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What Is a Ventilator?

Ventilator, breathing machine, ventilated support, respirator, mechanical support, mechanical ventilator. It’s called many things but what is it and why is it so important for critically ill or injured patients?

What Is a Ventilator and What Does It Do?

A ventilator is machine that helps patients breathe when they are not able to do so on their own or when their lungs are not getting enough oxygen into their blood. Ventilators are mainly used in hospitals or in medical transport systems such as ambulances.

When a patient is put on a ventilator they are intubated. This means a tube is inserted into their throat or directly into their windpipe (you’ve probably seen this on medical tv shows). The other end of the tube is connected to the ventilator, which pumps oxygen into the patient’s lungs and helps to inflate them. The ventilator might also breathe out for the patient if they are not able to do so on their own.

When Are Ventilators Used?

We breathe oxygen from the air into our lungs, oxygen must pass from our lungs into the blood for our tissues and organs to work properly. A person would be put on a ventilator if their lungs are not getting enough oxygen into the blood, this is also known as respiratory failure. This could be because the person is not able to breathe on their own or because the lungs are not working well enough to properly oxygenate the blood. In either case, a ventilator is used to get oxygen into the lungs.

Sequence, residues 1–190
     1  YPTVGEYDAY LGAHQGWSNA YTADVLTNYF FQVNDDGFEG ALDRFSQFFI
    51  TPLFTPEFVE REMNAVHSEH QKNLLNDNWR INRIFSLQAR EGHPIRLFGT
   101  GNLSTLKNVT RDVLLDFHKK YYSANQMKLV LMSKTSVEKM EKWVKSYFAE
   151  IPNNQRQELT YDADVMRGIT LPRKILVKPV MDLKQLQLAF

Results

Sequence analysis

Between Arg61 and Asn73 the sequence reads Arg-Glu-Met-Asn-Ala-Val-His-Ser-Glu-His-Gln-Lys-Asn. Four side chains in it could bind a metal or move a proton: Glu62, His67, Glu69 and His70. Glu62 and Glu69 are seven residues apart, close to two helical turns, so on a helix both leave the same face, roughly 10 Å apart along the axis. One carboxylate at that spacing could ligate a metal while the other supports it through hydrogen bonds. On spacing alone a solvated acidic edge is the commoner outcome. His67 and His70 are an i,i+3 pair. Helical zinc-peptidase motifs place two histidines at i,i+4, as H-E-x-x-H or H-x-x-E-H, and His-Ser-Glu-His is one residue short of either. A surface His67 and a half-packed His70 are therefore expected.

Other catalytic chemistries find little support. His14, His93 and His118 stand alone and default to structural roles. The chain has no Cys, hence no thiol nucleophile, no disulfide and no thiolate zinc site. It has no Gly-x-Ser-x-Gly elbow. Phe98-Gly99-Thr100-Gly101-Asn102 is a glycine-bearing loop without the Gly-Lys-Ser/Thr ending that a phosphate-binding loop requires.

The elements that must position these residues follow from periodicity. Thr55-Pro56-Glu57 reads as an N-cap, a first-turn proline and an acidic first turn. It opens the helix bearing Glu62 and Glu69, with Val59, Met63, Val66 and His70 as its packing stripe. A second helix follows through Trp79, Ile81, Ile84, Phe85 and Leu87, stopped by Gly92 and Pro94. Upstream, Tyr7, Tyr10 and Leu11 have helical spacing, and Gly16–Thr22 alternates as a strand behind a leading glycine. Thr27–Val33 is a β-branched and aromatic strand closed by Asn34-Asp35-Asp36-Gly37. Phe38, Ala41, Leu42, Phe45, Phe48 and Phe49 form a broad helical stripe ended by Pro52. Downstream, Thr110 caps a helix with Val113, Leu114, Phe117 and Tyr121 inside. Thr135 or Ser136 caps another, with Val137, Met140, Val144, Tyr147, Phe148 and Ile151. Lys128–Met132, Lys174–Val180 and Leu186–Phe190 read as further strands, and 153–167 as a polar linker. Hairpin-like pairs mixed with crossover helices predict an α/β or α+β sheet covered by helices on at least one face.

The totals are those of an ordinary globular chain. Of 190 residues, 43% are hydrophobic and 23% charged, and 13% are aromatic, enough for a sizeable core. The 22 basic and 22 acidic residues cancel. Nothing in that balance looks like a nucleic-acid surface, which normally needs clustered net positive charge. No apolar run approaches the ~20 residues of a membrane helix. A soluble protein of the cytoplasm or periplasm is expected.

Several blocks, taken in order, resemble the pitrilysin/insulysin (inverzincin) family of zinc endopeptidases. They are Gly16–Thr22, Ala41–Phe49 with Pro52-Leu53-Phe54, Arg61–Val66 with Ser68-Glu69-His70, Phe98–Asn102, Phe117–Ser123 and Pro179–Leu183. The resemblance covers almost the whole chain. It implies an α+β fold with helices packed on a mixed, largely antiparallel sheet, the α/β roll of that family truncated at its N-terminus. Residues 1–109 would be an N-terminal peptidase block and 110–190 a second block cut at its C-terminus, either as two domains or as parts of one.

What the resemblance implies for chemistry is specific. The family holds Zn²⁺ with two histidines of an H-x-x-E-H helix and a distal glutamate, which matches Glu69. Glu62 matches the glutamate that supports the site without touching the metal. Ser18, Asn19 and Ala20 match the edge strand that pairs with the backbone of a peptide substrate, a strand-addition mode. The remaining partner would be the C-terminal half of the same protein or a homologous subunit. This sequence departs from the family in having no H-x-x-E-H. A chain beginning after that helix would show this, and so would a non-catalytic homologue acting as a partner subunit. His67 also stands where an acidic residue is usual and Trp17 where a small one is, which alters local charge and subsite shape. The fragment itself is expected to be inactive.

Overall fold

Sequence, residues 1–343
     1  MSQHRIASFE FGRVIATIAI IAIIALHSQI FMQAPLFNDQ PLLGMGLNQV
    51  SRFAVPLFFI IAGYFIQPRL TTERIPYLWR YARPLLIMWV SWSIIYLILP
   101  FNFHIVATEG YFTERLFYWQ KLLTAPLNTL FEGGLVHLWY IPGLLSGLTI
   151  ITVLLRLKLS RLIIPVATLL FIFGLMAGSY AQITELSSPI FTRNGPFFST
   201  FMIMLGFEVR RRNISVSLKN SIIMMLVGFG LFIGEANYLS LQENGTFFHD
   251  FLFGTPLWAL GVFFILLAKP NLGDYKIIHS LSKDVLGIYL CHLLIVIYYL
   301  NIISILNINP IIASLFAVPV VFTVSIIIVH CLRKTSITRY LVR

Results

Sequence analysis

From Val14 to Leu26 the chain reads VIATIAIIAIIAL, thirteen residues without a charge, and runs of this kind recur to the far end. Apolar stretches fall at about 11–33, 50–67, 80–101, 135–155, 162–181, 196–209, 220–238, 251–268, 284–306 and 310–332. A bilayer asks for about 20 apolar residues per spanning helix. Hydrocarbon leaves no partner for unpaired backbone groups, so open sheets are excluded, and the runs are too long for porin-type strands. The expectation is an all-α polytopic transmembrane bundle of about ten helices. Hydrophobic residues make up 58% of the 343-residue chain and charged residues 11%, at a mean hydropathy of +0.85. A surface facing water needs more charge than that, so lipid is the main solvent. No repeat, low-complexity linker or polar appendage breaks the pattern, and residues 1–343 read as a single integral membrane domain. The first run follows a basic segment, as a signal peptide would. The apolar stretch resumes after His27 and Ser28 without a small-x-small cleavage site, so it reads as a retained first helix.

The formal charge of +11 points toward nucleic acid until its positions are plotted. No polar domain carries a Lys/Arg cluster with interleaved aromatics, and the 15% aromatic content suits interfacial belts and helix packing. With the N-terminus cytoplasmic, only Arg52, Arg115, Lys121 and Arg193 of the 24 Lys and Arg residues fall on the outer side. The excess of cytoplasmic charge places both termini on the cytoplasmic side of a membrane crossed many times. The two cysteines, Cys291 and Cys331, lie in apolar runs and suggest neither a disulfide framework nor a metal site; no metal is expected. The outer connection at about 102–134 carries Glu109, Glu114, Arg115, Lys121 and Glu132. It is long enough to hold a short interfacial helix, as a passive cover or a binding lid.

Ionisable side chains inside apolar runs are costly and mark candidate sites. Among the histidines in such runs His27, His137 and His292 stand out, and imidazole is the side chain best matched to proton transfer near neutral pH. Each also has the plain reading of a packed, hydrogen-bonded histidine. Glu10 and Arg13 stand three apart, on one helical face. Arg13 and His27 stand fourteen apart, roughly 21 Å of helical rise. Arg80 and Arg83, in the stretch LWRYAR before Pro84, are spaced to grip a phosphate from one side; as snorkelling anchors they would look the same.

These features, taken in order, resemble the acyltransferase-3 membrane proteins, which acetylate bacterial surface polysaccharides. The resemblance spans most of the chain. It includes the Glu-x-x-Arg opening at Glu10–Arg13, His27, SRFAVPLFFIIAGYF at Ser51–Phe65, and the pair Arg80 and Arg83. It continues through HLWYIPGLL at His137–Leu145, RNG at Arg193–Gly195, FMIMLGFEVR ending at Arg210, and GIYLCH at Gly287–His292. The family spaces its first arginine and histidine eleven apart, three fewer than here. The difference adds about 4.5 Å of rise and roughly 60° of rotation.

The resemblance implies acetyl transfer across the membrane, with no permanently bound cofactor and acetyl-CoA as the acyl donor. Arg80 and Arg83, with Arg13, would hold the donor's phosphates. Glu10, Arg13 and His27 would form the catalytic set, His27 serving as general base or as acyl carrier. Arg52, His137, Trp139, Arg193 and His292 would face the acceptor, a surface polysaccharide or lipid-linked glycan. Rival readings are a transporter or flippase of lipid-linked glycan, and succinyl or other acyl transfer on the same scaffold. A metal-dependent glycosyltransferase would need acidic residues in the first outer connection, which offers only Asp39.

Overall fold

Ventilators and Organ Donation

When a person has a severe brain injury, or certain severe chronic illnesses, they may be completely unable to breathe on their own, or unable to breathe well enough to provide adequate oxygen to their bodies. A ventilator is required to help the person breathe and supply adequate oxygen, so that organs and tissues do not become damaged. 

Some brain injuries can be so severe that they lead to all brain functions stopping. This is called brain death. With brain death, a ventilator is required to do 100% of the work for a person’s lungs. 

This creates the unique situation when organ donation is possible. The person has passed away but because the ventilator is breathing for them, their organs are still receiving oxygen. For organ donation to happen, a person must stay on the ventilator up until the time the organs are being recovered to continue providing that oxygen.

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